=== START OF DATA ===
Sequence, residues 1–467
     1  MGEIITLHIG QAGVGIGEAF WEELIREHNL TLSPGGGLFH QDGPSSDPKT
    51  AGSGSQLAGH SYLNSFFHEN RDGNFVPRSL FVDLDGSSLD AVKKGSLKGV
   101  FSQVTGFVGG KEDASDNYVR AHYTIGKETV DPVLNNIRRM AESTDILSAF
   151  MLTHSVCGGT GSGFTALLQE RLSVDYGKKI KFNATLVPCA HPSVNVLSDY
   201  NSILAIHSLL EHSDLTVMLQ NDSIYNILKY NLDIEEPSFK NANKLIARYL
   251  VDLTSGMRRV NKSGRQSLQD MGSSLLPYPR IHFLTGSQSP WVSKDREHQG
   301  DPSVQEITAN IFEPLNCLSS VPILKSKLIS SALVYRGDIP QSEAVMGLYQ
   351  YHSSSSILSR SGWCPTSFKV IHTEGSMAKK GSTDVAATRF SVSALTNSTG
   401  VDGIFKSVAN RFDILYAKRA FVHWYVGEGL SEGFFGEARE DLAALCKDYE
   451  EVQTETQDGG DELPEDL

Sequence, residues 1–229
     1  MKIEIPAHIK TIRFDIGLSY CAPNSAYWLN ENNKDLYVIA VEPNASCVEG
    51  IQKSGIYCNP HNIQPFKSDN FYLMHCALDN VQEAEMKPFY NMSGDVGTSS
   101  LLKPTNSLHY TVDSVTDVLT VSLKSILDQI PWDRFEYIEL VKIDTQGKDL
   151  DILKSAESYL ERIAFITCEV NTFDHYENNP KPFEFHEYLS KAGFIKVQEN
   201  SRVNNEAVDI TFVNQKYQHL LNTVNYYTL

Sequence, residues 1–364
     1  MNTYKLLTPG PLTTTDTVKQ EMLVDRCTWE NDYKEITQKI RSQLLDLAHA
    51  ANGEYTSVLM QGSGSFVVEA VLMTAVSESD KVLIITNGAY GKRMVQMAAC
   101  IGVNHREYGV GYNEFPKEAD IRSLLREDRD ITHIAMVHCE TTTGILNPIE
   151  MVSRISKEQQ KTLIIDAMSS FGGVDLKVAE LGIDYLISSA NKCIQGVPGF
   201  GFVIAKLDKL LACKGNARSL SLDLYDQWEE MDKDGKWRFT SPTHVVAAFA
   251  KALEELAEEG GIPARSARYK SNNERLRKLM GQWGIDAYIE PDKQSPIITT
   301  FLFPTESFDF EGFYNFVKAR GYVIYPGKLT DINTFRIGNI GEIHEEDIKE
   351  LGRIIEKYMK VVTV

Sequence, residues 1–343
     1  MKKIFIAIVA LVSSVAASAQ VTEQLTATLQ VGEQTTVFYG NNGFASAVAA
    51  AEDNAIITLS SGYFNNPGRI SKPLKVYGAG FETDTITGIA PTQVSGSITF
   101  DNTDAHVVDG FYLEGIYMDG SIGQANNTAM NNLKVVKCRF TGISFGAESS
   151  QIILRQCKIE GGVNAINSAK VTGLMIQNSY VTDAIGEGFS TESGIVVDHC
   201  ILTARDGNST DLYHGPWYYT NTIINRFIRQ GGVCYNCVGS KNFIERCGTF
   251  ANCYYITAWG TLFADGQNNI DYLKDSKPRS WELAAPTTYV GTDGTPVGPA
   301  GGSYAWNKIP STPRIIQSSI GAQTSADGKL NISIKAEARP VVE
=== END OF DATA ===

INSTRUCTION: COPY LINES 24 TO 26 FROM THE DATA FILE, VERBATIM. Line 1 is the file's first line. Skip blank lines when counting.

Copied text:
   251  KALEELAEEG GIPARSARYK SNNERLRKLM GQWGIDAYIE PDKQSPIITT
   301  FLFPTESFDF EGFYNFVKAR GYVIYPGKLT DINTFRIGNI GEIHEEDIKE
   351  LGRIIEKYMK VVTV